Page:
• Martin Kondrup Knudsen
4. term, Master of Learning Processes (Continuing education) (Continuing Education Programme (Master))
A qualitative study of the incident commander’s basis for decision-making.
In this master’s thesis I am focusing on what basis the incident commander of the fire and rescue service makes the best decision possible during turn-outs. The incident commander must in all situations be capable of making a quick decision - regardless of the complexity and time pressure surrounding the situation. Wrong assessments and decisions, can, in the worse-case, lead to human or material losses. My interest for this area and reason for writing about it is to be seen in relation to my work, as the incident commander’s basis for decision-making is more or less unknown within the fire and rescue service. In education and training exercises focus is on the professional aspect and therefore not much time is devoted to developing the incident commander’s decision-making skills.
The aim of this thesis has been to study what affects decision-making, including which personal parameters will affect the actual decision and thereby the solving of the assignment. This is to hopefully create an organized learning process which can help with achieving the correct solution to assigned tasks and which can also accommodate the incident commander’s decision-making during a turn-out.
Different theories and models of decision-making with different assessments of how decisions are made will be included in this study to achieve the broadest understanding of the subject, while also explaining the on-site commander’s decision-making in the right context. Within the decision making models, I am including decision models that are rational and limited rational, including the”Recognation-Primid Decision” model. This normatively acknowledging model is context influenced to the praxis of the incident commander. Regarding decision-making, Ola Mårtensson 2009, Donald Schön 1983, Gary Klein 1998, Christopher Nemeth & Gery Klein 2010 and S. Cohen, among others, will be taken into consideration. The theory chapter is concluded by emphasizing possible external factors which may affect the decision making along with possible inner cognitive processes at play within the decision maker and decision making in general.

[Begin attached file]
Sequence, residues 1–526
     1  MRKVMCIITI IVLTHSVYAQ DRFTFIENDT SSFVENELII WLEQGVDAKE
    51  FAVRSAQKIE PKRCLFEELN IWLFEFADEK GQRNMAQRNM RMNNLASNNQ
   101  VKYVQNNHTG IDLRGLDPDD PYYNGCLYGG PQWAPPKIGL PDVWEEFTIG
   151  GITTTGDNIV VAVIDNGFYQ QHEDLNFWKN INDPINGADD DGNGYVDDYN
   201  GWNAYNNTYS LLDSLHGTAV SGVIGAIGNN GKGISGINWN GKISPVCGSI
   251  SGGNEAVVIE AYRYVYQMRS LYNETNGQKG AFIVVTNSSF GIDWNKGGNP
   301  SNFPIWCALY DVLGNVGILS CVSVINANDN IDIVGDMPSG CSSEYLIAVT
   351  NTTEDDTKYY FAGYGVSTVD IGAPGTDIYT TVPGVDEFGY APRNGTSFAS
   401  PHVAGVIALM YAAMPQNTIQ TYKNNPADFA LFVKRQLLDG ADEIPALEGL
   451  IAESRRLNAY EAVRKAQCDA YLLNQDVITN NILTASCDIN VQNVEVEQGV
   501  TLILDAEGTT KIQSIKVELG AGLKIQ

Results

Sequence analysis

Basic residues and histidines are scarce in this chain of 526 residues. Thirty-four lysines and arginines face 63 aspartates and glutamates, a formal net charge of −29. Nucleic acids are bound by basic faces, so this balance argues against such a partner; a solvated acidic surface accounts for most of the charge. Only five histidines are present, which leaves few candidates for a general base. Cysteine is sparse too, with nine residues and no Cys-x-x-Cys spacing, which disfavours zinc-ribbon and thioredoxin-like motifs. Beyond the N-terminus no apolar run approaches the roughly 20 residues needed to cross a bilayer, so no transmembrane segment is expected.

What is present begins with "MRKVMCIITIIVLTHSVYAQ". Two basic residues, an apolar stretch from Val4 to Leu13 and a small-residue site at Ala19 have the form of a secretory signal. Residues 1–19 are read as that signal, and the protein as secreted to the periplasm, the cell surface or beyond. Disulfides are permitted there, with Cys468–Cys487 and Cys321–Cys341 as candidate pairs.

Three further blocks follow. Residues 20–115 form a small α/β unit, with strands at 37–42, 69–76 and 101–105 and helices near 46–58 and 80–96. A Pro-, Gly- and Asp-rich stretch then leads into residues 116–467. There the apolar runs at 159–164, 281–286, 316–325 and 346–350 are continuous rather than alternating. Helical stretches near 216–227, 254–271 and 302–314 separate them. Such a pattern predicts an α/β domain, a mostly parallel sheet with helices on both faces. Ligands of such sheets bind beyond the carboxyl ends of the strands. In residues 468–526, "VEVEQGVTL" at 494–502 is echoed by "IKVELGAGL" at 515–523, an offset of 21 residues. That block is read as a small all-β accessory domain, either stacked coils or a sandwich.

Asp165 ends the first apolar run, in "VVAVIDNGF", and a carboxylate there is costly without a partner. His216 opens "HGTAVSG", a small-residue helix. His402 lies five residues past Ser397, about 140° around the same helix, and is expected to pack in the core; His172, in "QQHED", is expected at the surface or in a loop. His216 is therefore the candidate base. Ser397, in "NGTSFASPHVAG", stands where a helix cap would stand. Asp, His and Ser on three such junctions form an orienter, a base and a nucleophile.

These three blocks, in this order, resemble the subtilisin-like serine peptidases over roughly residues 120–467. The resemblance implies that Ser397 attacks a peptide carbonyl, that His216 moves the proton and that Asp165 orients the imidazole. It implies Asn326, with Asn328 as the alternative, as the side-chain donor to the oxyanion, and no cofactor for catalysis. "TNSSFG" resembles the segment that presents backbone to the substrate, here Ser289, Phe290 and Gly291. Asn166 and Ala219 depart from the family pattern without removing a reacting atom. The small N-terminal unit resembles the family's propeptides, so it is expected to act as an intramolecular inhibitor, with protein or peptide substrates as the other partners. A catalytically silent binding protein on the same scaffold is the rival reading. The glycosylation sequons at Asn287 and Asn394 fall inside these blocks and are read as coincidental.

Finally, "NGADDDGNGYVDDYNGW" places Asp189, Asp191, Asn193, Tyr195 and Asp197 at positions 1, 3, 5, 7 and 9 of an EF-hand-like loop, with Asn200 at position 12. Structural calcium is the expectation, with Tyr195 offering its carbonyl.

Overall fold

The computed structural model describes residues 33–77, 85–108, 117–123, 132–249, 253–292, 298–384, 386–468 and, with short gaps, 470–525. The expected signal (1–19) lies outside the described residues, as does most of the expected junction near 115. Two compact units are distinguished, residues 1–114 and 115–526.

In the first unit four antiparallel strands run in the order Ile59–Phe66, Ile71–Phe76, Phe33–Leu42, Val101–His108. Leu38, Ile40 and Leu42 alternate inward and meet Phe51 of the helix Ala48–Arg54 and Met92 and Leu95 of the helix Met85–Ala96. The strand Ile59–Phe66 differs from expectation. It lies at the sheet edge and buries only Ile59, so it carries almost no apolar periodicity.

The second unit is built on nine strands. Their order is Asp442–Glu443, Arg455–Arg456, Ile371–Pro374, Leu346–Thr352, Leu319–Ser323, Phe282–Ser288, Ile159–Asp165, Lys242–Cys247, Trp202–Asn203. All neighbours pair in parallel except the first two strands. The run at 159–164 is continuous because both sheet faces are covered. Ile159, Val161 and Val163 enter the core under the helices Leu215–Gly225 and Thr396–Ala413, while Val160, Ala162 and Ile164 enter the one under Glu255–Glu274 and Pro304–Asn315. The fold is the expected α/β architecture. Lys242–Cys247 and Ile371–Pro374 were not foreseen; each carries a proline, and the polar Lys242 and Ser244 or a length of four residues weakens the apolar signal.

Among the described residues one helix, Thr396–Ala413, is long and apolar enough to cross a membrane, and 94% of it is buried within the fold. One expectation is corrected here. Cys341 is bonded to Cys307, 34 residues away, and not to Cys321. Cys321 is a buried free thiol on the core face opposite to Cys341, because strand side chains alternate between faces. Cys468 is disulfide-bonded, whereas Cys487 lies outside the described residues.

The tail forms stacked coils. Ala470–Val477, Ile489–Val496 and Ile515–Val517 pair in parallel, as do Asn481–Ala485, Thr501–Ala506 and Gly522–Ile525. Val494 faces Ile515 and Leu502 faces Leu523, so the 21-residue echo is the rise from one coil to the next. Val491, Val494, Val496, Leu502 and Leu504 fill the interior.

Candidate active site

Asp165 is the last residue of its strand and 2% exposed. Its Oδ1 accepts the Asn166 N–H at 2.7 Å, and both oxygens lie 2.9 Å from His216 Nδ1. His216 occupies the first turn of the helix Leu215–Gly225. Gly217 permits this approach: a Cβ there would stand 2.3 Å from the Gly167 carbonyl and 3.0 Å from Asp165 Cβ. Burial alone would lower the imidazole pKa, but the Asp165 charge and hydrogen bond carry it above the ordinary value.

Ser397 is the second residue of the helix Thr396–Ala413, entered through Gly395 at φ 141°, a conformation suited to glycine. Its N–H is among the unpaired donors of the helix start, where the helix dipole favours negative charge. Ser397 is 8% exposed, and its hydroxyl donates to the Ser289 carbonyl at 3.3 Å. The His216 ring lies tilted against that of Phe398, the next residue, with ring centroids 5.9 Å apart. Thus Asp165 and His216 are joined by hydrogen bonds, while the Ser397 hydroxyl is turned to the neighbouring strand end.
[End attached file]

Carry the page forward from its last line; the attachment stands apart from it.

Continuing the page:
Based on the above theoretical product, an empirical study has been made. This means a qualitative study of the foundation for making the best decision possible. Focus group interviews, in which the incident commander’s stories and experiences regarding decision making are included, are also used
The study showed that the incident commander could relate to the factors and the cognitive processes. Based on these many differing stories from actual events and happenings came into the open. Based on the empirical data, the study shows a tendency for the incident commander to be very affected by time pressure as the primary factor – however, dangerous risks and complexity are also seen as critical factors. Social pressure is seen as a strength, meaning a form of team work, dialogue and sparring regarding the decision making process. Furthermore, cognitive processes within the decision maker play an important role. Experience is seen as a primary factor and therefore very influential on other processes. This means that experience influences how the incident commander uses reflection and mental stimulation. Intuition itself is mostly active when there is a need for improvised solutions. Reflection is seen both during and after dealing with an incident. The study also shows that the ability to improvise is part of a cognitive process, while emotional thinking is also relevant to decision making. Metacognition, however is part of future decision-making. In addition it shows that the factors work both with and against the cognitive processes.
Publication date22 May 2012
Number of pages64
ID: 63238468